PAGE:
The Lifestyle Guide 2018

while the reputation of the Moreton Bay bug tempura precedes its arrival at your table (in short, it’s sensational). What’s not to like? www.toko-sydney.com Saké Chef Hats are just about as common as sushi rolls in Saké. Situated in tourist haven The Rocks, the original Saké blends old and new in both its restaurant space and menu. Playing host to hundreds of diners daily, Saké is as respectful of washoku (traditional Japanese food) as it is contemporary and fun. A card-carrying member of Australia’s biggest restaurant group, Rockpool, Saké has been acknowledged by The Good Food Guide every year since opening in 2009. There are two words that go most of the way to explaining its delectable culinary offering: Neil Perry. Perry’s passion for fine Australian produce and ingredients shines through in the menu. The hiramasa kingfish cold starter is the stuff of legends, while the reinvented Glacier 51 showcases the Patagonian toothfish, which comes served in bamboo leaves with a flood of miso butter. And desserts? Think tofu cheesecake with a raspberry coulis, miso caramel chocolate fondant, or a modern Japanese twist on the classic crème brulee. Go on; we won’t tell if you don’t. www.sakerestaurant.com.au Sokyo Chef Hats (and a couple of goblets) are filling up the trophy cabinet at Sokyo. One of the highlights of The Star precinct, there’s no gambling required as the restaurant is famed for delivering on its imaginative menu of sashimi, tempura and melt-in-the-mouth meats. Sokyo’s chef is a superstar of Sydney’s culinary scene. Born and raised in San Francisco, Chase Kojima is as dynamic as he is diligent about sourcing his produce. The result? A truly contemporary interpretation of Japanese food. The sashimi on offer at Sokyo has been carefully sourced: there’s New Zealand scampi, South Australian kingfish and Tasmanian salmon belly. The lamb chops have a stellar reputation, served as they are with a charred eggplant puree, vegemite and basil. Arguably one of the best things about Sokyo? You don’t even need to wait until lunch to get your fix. Serving Australian breakfast classics such as eggs benedict or lamington, but with a decidedly Japanese twist, Sokyo is a dining experience just waiting to be enjoyed, at any time of the day. www.star.com.au Saké Toko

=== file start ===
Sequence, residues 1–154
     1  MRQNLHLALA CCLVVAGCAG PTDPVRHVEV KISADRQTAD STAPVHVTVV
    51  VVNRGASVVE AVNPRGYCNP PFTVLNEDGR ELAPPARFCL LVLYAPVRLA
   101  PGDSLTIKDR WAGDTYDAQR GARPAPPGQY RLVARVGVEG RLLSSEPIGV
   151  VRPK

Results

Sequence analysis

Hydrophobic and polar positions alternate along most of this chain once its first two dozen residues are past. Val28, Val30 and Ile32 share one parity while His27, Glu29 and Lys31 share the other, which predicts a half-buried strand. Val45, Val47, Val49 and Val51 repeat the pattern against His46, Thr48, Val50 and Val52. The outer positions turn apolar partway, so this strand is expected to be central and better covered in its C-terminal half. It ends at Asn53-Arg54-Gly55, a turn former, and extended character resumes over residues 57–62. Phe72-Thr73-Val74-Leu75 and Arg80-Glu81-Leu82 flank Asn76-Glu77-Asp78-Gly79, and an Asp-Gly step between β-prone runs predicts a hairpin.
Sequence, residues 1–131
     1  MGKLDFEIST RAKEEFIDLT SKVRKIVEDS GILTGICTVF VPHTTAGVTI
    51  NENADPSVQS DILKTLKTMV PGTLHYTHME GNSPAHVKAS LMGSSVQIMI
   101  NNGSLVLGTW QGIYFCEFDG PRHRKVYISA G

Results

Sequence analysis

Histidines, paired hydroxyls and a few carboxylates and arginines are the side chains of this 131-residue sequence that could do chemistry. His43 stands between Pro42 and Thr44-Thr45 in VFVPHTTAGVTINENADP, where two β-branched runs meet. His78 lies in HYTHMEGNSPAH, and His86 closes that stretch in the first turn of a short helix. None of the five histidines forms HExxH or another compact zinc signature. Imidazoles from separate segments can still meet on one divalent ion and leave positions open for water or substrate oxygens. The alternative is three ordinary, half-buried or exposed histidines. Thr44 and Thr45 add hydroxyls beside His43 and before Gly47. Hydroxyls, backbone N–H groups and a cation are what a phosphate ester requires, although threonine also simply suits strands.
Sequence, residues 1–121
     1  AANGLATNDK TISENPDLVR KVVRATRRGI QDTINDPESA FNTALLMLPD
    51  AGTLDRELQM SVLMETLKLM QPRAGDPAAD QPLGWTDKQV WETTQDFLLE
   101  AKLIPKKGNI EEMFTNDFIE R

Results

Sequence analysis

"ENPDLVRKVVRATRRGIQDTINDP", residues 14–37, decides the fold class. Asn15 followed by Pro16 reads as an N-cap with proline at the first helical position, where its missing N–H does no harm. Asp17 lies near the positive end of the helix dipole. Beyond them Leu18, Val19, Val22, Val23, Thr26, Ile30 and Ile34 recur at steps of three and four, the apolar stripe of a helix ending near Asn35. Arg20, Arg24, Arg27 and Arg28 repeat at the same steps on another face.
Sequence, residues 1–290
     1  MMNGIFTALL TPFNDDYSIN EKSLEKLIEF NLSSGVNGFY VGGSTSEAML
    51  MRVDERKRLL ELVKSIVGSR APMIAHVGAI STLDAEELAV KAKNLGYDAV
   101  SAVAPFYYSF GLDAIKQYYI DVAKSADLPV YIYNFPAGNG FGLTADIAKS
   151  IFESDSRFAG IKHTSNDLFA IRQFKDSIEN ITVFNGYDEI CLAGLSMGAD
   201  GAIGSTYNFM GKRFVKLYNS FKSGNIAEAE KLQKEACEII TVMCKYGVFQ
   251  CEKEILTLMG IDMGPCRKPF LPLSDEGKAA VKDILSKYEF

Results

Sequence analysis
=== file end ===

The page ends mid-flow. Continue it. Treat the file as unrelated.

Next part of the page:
RkJQdWJsaXNoZXIy NDUzMTY=